Over the last 20 years, London has become more rather than less important to Britain’s economy. London now has more jobs and produces a higher share of Britain’s product , relative to the rest of the country than it did before the financial crash of 2008.
Some would call this cause for celebration, London is one of the leading capitals in the world and is promoted as one of the great places to work and to do business.
But a report by think tank Centre for Cities analysing official data has found that the capital’s annual growth in productivity — defined as the value of output per hour worked — had averaged just 0.2 per cent since 2007, slightly below the already feeble national average of 0.3 per cent.
Over the same period, productivity growth averaged 0.9 per cent in Paris — almost twice the average for France — and 1.4 per cent in New York, against an average of 1 per cent for the US.
Far from levelling up, it looks like the regions are being dragged down by our sluggish capital and in particular its financial hub
The report said the main reason for London’s slowdown was the stuttering performance of the most productive businesses at the heart of the capital, while productivity in emerging areas on its fringes grew fastest.
This comes as no surprise to me, a resident in the City of London. The City is turning from a business community to a tourist attraction. Our streets are filled not with commuters but with tourist busses winding from St Pauls Cathedral to Tower Hill. Crowds that used to flow over London bridge to work, now flow over the Millennium Bridge from the Globe and Tate Modern to the shopping experiences and clubs in Farringdon and Blackfriars.
Old City work hubs are departing such as Smithfield market is being relocated to Dagenham and while the City is being reconstructed, the City of London’s corporate plan is focussed on leisure not improving productivity. I attend fraught meetings where the City of London tell residents that Smithfield will not be turned into “another Covent Garden” but alternatives to it becoming another tourist hub have yet to emerge.
The City still resonates to the sound of pneumatic drills and its streets clogged with trucks loaded with building materials or taking away smashed concrete.
But much of the reconstruction is of former offices into retail units and residential accommodation. Hotels , once a rarity, are now common in the City, and they are filled with tourists – not workers.
The report suggests that the rise could be the result of increasing commercial property costs, which had crowded out more productive intangible investment. I can testify to running a business that no longer occupies the City but is run from a series of homes around the UK and the sub-continent. New businesses find City rents unaffordable.
And where there is an office, the office is half empty. The high cost of home ownership in Central London means that work at homers are not coming into town to work, meaning that the offices in the City are under used and increasingly feel a novelty to visit. Physical meetings are typically dominated by large screens on which disembodied faces stare on as CCs and BCCs to the conversation.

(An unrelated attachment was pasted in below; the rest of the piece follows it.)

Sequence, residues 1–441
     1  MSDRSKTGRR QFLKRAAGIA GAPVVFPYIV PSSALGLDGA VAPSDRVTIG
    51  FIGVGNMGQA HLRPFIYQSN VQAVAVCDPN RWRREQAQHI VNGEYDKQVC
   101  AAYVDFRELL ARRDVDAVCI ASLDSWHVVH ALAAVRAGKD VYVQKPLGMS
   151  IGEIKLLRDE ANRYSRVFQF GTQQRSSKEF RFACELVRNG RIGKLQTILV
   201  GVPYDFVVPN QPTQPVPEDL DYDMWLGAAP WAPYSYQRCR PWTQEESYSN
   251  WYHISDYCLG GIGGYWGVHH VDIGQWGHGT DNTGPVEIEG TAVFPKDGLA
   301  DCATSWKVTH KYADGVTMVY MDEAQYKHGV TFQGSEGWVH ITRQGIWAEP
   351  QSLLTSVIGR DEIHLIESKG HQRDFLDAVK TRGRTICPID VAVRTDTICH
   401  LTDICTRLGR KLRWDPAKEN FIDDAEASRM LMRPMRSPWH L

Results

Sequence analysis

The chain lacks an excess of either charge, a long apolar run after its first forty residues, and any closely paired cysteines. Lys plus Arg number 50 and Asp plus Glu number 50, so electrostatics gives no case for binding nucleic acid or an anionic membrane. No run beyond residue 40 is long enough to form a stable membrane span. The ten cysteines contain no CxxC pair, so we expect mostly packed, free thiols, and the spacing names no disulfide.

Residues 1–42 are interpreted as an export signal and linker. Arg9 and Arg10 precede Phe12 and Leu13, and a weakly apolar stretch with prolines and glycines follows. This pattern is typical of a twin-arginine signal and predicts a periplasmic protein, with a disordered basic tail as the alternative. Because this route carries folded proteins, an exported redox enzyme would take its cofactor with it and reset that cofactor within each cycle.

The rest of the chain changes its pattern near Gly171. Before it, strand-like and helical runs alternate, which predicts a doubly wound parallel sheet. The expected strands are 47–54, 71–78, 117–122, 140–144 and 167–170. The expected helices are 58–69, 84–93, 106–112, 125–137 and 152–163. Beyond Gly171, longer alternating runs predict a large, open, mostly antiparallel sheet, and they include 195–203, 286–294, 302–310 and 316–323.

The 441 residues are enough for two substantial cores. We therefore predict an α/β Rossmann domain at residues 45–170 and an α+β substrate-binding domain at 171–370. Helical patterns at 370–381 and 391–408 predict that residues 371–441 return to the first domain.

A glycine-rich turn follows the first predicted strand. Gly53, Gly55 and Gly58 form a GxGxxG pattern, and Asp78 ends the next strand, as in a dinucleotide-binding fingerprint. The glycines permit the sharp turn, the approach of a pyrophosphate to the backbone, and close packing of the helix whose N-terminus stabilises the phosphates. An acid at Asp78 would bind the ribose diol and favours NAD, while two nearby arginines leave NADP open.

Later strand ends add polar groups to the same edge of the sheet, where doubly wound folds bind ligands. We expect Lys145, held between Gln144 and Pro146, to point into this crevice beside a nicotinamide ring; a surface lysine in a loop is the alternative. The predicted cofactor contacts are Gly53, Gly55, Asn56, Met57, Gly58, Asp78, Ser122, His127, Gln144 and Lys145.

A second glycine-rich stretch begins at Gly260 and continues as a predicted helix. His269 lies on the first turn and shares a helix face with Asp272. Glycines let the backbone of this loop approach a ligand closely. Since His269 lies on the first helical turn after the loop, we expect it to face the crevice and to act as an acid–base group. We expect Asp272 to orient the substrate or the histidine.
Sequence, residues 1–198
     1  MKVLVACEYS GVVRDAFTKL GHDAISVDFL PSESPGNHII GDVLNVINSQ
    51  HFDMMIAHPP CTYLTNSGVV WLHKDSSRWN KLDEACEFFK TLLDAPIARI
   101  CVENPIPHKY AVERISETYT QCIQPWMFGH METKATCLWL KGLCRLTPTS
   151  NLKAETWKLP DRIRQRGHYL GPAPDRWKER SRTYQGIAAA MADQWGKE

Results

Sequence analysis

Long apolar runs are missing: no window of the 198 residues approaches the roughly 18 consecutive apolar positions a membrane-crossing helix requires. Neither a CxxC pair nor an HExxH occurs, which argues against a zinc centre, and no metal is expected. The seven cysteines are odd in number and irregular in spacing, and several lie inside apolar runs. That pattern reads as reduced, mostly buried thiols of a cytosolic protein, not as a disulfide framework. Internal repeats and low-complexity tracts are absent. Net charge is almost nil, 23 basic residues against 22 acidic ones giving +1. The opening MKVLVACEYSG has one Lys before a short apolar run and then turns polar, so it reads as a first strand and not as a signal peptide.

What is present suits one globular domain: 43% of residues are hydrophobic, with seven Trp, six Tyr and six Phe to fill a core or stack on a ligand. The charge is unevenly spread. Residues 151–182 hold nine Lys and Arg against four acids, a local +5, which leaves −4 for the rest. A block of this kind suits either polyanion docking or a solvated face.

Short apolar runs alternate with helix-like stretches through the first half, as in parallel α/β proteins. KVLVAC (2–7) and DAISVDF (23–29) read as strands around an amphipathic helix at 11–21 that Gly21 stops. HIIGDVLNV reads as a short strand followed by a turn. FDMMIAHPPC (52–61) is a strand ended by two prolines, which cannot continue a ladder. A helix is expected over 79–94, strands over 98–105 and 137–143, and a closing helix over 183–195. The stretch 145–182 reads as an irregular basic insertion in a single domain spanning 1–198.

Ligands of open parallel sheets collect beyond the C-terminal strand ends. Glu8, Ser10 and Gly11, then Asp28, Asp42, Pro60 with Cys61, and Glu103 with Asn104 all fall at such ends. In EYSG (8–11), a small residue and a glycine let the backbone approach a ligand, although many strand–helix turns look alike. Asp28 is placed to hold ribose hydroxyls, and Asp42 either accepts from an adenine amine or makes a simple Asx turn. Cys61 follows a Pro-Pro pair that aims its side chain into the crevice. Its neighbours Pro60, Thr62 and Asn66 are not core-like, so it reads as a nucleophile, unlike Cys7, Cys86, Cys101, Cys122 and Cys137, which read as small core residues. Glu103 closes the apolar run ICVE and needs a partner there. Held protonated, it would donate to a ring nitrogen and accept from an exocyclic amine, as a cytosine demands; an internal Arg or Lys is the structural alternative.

Ironically, the report suggests that employment has also grown faster in the capital, meaning it increasingly determines national trends. This comes as no surprise to me, a resident in the City of London.
The financial hub at the core of London is changing. The City is turning from a business community to a tourist attraction. Our streets are filled not with commuters but with tourist busses winding from St Pauls Cathedral to Tower Hill. Crowds that used to flow to work over London Bridge , now flow over the Millennium Bridge from the Globe and Tate Modern to the shopping malls, restaurants and clubs in Farringdon and Blackfriars.
Such underperformance matters because productivity remains far higher in London, with its economy based on “superstar” companies in the professional services, IT and banking sectors, than in other regions.
The City of London is facing an identity crisis and the report suggests that this is not just one of Brexit’s making. Unless the City can show it offers benefits above the costs, it could continue to see a decline where home-working and the impact of Brexit leaves the City as an historical curiosity , visited mainly out of cultural interest.
Britain needs a strong and productive London and it is not getting it. London is lagging the regions in productivity but still sucking labour to it. But the labour I see in the City is servicing tourism, the highest value work could be happening anywhere. The data suggests that much of it is being done in London’s global rivals.
Rather than “levelling up” , Centre for Cities says ministers should devolve more powers to boost the capital, which has trailed global rivals
Rather than bemoaning the loss of commuters I’d champion the rise of home working. Rather than HS2, which increasingly resembles a white elephant, I’d rather see investment in better broadband speeds nationally and the physically remote regions in particular. I agree physical meetings still have a role at present but only because virtual reality isn’t quite there yet.
Brexit may contribute to the decline the Financial Services sector was not protected.
Living in Portugal I have had to close bank account and many other connections with the UK that I would rather have kept. Never mind there are substitutes.
Just not British ones